Boys’ restroom access restricted due to vandalism

Custodian+Sergio+Mirmolejo+enters+the+500s+building+boys+bathroom+on+Monday%2C+Dec.+2.+He+cleans+this+bathroom+almost+everyday+after+school+and+often+is+faced+with+a+heavier+workload+when+having+to+fix+appliances+that+have+been+vandalized+or+broken+by+students.
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Boys’ restroom access restricted due to vandalism

Custodian Sergio Mirmolejo enters the 500s building boys bathroom on Monday, Dec. 2. He cleans this bathroom almost everyday after school and often is faced with a heavier workload when having to fix appliances that have been vandalized or broken by students.

Custodian Sergio Mirmolejo enters the 500s building boys bathroom on Monday, Dec. 2. He cleans this bathroom almost everyday after school and often is faced with a heavier workload when having to fix appliances that have been vandalized or broken by students.

Yesenia Sandez

Custodian Sergio Mirmolejo enters the 500s building boys bathroom on Monday, Dec. 2. He cleans this bathroom almost everyday after school and often is faced with a heavier workload when having to fix appliances that have been vandalized or broken by students.

Yesenia Sandez

Yesenia Sandez

Custodian Sergio Mirmolejo enters the 500s building boys bathroom on Monday, Dec. 2. He cleans this bathroom almost everyday after school and often is faced with a heavier workload when having to fix appliances that have been vandalized or broken by students.

Yesenia Sandez and Jennifer Dye

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Sergio Mirmolejo and his fellow custodians worked longer hours to repair facilities after a rise in vandalism during the Fall 2019 semester. Bonita Vista High (BVH) administration responded to this increase in vandalism by closing two boys bathrooms and placing harsher restrictions on male students when leaving class to use the restroom.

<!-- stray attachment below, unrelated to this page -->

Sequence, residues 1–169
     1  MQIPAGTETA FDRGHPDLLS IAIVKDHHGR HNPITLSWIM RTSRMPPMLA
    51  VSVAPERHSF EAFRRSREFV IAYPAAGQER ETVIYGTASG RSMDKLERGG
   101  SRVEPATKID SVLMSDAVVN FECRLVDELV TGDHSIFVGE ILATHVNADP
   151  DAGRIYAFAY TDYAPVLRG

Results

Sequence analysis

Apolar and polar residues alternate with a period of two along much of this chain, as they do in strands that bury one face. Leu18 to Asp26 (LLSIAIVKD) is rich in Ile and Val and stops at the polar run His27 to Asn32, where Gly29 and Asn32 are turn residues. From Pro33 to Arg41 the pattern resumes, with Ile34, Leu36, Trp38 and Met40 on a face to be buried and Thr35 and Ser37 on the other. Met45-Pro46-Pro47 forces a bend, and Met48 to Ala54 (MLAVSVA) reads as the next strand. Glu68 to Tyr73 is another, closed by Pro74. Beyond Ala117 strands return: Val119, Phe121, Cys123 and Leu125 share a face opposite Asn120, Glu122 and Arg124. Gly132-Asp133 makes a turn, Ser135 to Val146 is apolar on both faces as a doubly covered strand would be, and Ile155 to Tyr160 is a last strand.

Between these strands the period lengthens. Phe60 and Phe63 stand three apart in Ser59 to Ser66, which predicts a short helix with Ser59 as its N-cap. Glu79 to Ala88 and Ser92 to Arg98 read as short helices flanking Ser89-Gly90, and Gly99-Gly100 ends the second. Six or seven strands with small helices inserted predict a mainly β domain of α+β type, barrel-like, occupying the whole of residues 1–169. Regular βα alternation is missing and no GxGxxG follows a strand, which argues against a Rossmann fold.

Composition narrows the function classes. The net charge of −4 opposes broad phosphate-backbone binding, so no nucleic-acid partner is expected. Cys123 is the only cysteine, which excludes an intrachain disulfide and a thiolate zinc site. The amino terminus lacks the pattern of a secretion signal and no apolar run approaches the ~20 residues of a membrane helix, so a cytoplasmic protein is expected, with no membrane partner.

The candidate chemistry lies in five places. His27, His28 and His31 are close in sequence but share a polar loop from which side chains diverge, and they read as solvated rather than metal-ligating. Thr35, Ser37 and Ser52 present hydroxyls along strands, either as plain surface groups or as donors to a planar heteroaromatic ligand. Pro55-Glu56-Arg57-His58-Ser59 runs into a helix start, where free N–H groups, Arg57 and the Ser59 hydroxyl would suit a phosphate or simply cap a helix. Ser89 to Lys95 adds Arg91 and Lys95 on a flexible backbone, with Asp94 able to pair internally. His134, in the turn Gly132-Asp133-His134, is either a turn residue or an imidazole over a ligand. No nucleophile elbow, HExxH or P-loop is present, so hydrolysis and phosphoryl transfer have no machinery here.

The plan to put these restrictions on students was decided during a one-on-one meeting between Principal Roman Del Rosario, Ed.D. and Assistant Principal Esther Wise. Wise presented concerns such as graffiti, vaping and the increase in students being out of class without passes. Wise also received concerns from parents about their child’s safety being around other students who vandalize, vape or smoke when using the bathrooms during school hours.

“A lot of kids were out of class without passes and there was no way to monitor it, so that’s why we had to tighten things up,” Wise said. “We had to zone in on the group of students causing this and make sure the restrooms are safe,” Wise said. 

Of the six male restrooms on campus, students will only have access two due to there not being enough Campus Supervisors to monitor them all. Additionally, there are more restrictions for students when leaving class to use the bathrooms and they will be asked for their ID or a hall pass by Campus Supervisors. 

“I don’t think we’re in violation of any state law, and all the changes aren’t permanent, but rather they were moves to address those concerns,” Wise said. “It’s a process that has to happen and the objective is for students to be comfortable and safe in their classroom [and the rest of the campus].”